Ronalds Vilciņš

Content filtering with CSS :has() selector

The :has() selector is a relatively new addition to CSS that allows you to target elements that contain specific content. This is a significant departure from traditional CSS selectors, which target elements based on their structure or attributes. By targeting elements based on their content, you can build content filters, interactive menus, and more. However, it’s essential to be aware of browser compatibility issues and provide fallbacks when necessary.

Basic syntax

The basic syntax of the :has() selector is as follows:

element:has(selector) {
  /* CSS rules */

Here, element represents the parent element you want to target, and selector is the content you want to look for within that parent element.

Working example

With the :has() selector, you can style and display only parts that contain specific category tags without the need for JavaScript.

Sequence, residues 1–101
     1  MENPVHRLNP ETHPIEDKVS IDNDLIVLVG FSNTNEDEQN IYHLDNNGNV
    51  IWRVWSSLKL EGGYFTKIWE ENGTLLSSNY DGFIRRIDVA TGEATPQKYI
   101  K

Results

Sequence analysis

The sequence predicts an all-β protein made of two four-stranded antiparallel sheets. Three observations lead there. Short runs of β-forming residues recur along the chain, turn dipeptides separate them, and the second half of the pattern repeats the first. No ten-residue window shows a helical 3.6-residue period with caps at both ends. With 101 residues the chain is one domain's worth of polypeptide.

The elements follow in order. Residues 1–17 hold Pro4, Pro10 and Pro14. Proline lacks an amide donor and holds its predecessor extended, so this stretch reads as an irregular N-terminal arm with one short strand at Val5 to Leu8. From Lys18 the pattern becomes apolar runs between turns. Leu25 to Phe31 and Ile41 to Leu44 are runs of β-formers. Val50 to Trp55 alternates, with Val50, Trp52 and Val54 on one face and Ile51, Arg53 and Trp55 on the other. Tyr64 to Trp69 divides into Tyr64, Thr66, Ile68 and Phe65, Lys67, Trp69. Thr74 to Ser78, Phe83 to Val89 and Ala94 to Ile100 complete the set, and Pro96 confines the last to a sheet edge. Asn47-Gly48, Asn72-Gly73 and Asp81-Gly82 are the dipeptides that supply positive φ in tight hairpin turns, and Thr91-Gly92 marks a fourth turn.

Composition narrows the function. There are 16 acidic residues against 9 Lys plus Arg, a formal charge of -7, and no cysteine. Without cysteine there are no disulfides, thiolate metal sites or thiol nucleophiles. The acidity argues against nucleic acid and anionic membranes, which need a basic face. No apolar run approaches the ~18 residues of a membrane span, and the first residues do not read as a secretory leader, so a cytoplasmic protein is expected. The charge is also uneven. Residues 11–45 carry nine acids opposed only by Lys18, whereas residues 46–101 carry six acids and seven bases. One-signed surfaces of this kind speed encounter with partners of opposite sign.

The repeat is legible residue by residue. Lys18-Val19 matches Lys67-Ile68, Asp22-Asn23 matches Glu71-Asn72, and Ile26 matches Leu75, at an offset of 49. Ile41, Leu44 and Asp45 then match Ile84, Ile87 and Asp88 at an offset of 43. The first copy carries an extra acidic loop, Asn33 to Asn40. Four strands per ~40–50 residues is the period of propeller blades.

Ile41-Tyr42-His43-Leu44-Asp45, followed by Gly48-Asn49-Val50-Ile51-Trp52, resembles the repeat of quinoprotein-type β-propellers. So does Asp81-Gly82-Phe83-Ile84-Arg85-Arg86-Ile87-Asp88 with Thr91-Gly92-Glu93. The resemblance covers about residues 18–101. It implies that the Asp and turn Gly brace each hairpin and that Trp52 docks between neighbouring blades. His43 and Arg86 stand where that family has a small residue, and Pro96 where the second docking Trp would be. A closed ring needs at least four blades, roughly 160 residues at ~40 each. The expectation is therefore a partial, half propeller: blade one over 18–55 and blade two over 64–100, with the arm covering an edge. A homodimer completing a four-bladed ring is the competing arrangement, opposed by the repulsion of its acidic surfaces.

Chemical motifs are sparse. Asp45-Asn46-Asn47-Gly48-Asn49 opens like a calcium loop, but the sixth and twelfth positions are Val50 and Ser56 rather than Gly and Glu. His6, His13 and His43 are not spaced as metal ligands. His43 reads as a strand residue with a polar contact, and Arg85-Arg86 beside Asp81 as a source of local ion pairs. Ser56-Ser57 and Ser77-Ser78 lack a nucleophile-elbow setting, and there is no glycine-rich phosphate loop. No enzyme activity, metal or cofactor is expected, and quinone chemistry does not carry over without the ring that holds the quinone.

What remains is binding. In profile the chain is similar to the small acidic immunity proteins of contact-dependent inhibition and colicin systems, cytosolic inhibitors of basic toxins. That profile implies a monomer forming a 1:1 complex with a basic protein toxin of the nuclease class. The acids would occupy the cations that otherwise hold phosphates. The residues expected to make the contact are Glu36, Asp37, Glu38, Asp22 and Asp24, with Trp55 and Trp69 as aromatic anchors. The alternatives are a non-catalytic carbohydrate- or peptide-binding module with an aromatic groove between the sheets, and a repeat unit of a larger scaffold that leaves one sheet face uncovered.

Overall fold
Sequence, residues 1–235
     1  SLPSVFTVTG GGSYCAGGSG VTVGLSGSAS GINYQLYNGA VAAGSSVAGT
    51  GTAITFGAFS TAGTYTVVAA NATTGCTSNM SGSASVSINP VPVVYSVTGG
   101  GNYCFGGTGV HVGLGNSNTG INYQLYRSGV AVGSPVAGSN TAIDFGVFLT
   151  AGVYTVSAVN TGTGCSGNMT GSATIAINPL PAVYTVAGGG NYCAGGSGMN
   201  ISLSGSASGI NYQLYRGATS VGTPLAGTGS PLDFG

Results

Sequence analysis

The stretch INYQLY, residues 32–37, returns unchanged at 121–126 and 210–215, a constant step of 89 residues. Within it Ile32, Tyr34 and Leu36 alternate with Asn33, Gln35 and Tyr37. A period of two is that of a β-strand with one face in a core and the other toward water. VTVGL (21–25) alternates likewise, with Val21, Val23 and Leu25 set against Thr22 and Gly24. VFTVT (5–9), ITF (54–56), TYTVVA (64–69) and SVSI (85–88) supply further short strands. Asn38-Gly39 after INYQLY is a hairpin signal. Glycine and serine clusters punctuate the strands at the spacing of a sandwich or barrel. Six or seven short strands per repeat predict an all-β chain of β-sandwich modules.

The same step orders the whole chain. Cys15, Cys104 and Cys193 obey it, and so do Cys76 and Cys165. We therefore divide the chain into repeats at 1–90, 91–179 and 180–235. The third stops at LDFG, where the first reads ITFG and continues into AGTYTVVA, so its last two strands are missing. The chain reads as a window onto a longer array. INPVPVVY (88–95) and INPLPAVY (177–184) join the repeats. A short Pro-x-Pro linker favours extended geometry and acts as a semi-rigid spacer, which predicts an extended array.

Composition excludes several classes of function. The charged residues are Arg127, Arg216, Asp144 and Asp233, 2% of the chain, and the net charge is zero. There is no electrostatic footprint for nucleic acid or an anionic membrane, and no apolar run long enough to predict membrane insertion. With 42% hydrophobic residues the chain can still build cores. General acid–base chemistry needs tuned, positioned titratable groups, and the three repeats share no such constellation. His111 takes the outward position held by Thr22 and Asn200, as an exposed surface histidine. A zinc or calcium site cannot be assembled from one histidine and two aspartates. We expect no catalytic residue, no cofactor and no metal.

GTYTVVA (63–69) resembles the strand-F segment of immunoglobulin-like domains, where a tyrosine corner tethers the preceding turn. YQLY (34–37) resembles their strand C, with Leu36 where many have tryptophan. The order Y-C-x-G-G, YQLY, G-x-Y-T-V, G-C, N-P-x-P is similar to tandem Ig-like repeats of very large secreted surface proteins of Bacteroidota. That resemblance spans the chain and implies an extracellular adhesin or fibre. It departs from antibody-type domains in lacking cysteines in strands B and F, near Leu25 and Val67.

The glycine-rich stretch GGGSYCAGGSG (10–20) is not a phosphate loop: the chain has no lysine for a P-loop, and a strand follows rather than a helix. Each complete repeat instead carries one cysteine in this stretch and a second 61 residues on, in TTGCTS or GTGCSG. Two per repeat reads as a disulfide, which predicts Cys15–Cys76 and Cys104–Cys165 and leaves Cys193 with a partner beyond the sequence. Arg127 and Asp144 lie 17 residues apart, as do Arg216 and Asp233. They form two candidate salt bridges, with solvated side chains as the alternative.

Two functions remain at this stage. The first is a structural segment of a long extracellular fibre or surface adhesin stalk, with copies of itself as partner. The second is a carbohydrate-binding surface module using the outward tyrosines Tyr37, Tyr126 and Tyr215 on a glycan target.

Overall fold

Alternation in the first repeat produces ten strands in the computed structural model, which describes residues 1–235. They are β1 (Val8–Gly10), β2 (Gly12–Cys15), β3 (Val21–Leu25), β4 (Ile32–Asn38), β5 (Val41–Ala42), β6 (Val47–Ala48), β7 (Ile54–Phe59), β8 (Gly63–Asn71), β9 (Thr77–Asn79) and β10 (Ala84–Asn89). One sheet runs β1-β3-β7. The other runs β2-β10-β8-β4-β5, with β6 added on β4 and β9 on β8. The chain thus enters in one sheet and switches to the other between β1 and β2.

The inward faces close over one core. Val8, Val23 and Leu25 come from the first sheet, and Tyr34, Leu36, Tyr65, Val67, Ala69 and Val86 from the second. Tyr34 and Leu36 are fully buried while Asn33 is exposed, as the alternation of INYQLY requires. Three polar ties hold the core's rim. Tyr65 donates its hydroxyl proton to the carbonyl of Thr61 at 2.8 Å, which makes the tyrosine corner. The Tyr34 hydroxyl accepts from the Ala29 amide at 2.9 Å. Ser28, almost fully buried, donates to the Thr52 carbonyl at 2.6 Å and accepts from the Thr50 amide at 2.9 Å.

<div class="filters">
    <input type="checkbox" id="a-team-filter" checked>
    <label for="a-team-filter">Team A</label>
    <input type="checkbox" id="b-team-filter" checked>
    <label for="b-team-filter">Team B</label>
    <li class="a-team">John</li>
    <li class="b-team">Robert</li>
    <li class="b-team">Donald</li>
    <li class="a-team">Rupert</li>

Adding filtering functionality to our checkboxes is straightforward, thanks to the use of these two CSS selectors:

body:has(#b-team-filter:not(:checked)) .b-team {
  display: none;
body:has(#a-team-filter:not(:checked)) .a-team {
  display: none;

Codepen demo: